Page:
“This has the potential to be a landmark decision for deaf rights and indeed for all disability rights,”
– Wayne Krause Yang, legal director of the Texas Civil Rights Project
The Texas Tribune
by Aneri Pattani
June 30, 2016
A group of deaf Texans fighting what they claim is discriminatory treatment is hoping the U.S. Supreme Court will step in and force the state to provide sign-language interpreters at classes young drivers must take to get licenses.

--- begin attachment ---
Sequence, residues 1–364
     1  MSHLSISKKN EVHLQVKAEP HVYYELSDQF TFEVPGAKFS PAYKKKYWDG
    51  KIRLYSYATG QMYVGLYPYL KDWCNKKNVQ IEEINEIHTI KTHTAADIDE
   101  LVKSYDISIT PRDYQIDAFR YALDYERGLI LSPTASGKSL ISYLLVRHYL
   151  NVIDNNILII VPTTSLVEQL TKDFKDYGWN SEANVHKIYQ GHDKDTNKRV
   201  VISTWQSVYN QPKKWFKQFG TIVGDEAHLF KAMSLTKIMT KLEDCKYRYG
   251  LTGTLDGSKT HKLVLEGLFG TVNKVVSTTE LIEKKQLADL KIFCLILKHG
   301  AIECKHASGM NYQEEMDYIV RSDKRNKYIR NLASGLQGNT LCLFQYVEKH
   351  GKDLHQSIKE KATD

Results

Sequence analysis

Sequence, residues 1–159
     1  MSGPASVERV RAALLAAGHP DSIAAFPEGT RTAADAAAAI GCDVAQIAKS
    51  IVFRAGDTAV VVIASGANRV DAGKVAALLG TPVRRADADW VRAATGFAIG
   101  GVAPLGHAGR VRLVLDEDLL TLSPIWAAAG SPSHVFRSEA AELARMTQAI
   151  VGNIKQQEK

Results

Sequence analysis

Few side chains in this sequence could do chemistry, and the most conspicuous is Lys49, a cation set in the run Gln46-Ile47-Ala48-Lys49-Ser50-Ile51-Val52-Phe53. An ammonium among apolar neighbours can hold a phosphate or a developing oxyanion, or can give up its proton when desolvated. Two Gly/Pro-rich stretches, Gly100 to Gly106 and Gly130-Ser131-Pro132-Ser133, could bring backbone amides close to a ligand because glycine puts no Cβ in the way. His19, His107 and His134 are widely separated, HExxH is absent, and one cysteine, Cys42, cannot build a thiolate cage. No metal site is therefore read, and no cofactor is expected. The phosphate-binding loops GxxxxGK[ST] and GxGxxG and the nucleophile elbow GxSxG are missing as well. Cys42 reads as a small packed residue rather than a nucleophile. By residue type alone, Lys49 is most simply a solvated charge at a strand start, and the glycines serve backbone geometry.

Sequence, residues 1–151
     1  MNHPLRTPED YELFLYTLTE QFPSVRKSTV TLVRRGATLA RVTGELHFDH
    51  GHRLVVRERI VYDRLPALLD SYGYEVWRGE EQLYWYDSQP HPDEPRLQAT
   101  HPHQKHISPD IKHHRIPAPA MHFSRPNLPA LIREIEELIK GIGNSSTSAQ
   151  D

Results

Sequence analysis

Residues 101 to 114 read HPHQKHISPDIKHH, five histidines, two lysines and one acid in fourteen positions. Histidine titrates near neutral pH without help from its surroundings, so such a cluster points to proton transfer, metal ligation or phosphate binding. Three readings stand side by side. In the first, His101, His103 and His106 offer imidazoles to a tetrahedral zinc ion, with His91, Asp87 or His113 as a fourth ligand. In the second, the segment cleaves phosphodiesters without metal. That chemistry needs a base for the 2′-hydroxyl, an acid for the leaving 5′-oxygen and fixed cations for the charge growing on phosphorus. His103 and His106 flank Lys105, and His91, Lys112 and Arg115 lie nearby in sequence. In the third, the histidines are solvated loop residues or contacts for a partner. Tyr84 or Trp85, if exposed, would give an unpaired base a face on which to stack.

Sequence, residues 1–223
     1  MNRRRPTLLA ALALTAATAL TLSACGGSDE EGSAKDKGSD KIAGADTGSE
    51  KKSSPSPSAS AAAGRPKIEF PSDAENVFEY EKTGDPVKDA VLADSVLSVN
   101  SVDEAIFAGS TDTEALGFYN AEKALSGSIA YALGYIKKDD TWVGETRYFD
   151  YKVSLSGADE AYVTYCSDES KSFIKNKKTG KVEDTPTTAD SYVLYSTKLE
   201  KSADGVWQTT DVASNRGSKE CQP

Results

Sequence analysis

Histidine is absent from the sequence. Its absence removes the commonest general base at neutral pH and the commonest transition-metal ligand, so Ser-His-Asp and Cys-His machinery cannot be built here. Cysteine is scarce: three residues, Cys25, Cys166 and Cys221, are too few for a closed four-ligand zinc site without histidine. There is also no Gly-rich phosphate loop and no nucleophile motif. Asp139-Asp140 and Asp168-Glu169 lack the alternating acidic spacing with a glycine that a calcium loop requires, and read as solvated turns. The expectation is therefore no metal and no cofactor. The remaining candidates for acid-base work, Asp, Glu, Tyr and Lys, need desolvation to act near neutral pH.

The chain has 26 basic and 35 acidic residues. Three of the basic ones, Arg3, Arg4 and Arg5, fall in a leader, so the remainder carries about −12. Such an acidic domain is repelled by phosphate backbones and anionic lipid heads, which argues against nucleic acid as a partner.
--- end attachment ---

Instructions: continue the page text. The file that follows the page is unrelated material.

The high court on Tuesday agreed to hear the case, Ivy v. Morath, involving a group of deaf Texans who sued the state in 2011. The state requires first-time driver’s license applicants under age 25 to take classes that are typically conducted by private companies. The suit argues that since Texas requires the classes, it should make sure there are interpreters for deaf students.